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Review: Want

I *claim* to be a fan of the sic-fi genre. I’ve said before that it’s my favourite. But it has come to my attention that I read far more contemporary and fantasy than sci-fi, which is shameful. So as soon as I heard about Want and realised it was sci-fi/dystopian then I knew I had to read it. So I did. want-by-cindy-pon

Title: Want

Author: Cindy Pon

Genre: YA Sci-fi

Themes: deception, pollution, climate change, activism, friendship, rich people are literally bubble heads.

My blurb: In futuristic Taipei, there are two types of people. The ultra-rich yous protect themselves from the terrible pollution with oxygen suits and money, while the meis die young, suffering from all the environmental degradation and their poverty. After someone Zhou loves is murdered trying to bring in new environment laws, he and his friends decide they’ve got to do something to get back at the corporation who is responsible. But their plan is risky and the first thing they need is a lot of money. Zhou’s actions are about to get him into a game of deception and risk where he might lose sight of the end goal…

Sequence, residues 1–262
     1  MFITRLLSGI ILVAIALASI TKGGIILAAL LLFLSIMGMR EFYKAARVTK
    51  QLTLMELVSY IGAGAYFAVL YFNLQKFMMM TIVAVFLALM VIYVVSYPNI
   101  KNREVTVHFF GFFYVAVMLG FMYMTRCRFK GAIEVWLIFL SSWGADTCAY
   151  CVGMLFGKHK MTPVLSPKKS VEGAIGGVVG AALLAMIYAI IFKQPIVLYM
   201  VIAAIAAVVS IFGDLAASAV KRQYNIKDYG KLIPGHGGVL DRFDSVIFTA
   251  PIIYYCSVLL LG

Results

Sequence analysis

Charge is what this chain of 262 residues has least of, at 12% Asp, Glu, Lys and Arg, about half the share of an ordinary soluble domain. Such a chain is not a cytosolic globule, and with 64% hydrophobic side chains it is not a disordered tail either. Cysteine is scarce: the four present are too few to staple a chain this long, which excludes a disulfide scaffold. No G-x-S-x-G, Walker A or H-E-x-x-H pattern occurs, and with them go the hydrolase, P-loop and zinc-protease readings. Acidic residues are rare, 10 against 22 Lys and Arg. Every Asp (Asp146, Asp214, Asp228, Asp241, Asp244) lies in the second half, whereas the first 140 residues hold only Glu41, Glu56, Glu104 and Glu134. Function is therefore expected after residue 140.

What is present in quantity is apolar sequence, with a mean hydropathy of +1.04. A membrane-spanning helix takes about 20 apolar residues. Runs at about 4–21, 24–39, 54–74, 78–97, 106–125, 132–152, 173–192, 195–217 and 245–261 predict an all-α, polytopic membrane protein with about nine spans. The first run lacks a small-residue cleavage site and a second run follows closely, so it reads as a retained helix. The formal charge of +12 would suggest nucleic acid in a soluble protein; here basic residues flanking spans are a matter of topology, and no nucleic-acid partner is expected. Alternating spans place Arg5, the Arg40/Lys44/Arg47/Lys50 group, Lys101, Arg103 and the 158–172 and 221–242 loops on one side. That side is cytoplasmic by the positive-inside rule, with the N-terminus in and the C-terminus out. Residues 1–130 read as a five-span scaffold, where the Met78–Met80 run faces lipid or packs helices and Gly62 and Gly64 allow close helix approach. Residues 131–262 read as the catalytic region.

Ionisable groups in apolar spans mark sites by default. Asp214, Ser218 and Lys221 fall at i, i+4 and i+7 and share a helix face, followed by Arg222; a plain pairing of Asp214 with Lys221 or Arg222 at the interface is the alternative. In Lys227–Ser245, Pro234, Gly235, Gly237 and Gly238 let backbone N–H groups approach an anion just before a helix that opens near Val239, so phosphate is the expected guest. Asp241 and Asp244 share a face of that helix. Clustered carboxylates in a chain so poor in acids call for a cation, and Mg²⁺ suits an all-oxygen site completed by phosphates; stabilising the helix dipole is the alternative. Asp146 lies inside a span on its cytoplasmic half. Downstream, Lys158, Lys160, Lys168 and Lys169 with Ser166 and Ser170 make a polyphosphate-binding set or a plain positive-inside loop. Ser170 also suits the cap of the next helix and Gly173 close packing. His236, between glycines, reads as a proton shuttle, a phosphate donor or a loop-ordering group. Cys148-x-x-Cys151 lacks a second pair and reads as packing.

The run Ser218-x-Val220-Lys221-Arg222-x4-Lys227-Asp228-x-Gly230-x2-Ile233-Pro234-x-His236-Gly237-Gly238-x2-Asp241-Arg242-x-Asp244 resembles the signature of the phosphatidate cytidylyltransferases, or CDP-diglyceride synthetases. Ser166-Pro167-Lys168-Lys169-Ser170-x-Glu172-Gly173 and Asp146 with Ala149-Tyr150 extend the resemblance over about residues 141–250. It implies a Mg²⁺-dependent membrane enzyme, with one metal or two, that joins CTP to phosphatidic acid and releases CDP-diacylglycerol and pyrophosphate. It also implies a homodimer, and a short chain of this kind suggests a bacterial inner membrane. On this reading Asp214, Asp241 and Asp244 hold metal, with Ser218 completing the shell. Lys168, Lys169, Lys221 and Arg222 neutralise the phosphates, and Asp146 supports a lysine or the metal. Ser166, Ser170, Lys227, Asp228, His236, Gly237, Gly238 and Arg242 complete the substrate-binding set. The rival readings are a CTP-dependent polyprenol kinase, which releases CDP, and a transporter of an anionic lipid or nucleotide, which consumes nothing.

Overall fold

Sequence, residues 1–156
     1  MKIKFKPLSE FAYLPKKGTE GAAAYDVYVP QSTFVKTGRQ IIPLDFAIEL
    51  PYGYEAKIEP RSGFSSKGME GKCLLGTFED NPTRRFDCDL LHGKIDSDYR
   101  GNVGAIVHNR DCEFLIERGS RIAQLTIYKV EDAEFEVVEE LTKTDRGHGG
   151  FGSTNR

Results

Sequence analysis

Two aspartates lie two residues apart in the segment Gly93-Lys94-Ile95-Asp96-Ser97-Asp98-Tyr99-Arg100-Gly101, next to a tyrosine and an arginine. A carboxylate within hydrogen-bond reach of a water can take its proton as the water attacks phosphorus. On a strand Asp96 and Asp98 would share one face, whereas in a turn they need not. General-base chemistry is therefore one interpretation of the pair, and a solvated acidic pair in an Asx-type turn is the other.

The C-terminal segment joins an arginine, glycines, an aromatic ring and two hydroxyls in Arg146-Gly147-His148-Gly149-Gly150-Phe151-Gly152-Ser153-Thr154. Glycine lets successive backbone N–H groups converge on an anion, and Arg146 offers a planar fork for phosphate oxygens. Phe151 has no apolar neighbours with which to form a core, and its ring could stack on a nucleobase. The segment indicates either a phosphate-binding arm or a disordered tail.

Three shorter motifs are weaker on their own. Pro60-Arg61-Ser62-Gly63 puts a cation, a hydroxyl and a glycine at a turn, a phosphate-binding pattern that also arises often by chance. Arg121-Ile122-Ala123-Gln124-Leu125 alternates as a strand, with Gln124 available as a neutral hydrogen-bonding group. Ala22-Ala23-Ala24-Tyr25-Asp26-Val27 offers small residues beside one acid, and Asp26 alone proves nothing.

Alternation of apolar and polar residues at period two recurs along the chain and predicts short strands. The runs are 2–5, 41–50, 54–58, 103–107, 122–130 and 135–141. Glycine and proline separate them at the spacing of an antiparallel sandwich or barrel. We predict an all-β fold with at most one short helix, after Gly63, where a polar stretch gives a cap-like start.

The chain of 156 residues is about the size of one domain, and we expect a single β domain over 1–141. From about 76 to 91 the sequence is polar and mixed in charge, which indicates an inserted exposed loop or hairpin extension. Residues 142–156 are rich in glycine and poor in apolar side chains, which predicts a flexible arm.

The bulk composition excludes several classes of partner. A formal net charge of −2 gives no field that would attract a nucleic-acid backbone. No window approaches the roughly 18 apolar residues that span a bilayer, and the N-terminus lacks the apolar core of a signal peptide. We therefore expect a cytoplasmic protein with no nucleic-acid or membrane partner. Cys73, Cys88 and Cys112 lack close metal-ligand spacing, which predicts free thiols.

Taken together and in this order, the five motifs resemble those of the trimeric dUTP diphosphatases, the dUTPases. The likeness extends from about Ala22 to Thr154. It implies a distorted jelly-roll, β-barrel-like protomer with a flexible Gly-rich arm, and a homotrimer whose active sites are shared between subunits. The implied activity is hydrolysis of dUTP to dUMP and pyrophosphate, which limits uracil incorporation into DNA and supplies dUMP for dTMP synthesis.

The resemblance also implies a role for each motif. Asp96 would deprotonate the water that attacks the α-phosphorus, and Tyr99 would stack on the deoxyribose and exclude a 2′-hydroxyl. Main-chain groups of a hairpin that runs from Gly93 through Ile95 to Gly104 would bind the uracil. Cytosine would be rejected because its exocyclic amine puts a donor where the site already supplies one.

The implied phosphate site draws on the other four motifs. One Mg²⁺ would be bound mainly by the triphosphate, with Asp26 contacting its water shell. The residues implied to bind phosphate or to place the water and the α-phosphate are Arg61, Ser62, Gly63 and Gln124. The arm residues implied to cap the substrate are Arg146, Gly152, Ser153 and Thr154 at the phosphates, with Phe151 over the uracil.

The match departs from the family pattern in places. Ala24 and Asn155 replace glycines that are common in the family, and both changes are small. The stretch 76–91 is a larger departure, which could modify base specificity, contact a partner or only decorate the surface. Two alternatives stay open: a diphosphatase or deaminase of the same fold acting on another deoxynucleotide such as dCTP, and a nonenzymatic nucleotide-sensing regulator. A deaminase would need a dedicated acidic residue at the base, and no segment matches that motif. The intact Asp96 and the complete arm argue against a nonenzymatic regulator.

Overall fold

There were a lot of good things about this book, but first I have to complain about something important. Namely, the writing style. I haven’t read anything by Cindy Pon before, but the way this book was written really affected my perception of the story. The book required a lot of worldbuilding because of its dystopian nature, but instead of showing aspects of the world of pollution and global warming and poverty inequality, it was totally told. Especially at the start of the book, the writing had what felt like paragraphs spouting information that wasn’t always that relevant, though it did help paint the scene. At other times Jason (that’s his code name—we never learn his real first name, which is weird) comes up with information that you wish he’d announced earlier, like ‘oh I was not sick now because I had the flu when I was 10’ or ‘this person said X important thing to me the other day’ instead of actually showing it happening. This made it feel like the things being narrated didn’t happen.

The writing was also occasionally confusing, especially during action scenes, and there was a big reveal at the end that wasn’t made to feel that big. The book opens on an action scene, then goes back to ‘two months earlier’ to explain what’s going on. After that, though, there is no explanation of the time gaps, even though it becomes evident that weeks or months have passed with only a few days or events having been described. Generally, something about the writing style really made me feel disconnected from Jason and the other characters, even though it was a first person narration, which normally is easier for me to connect to.

However, there were some good things about this book. Firstly, I really liked how it was set in Taiwan, because I’ve never read any other books set there (and the author was born there) and my ex really good friend is Taiwanese. I liked the descriptions of food and although it made the future look bleak, it wasn’t hopeless either.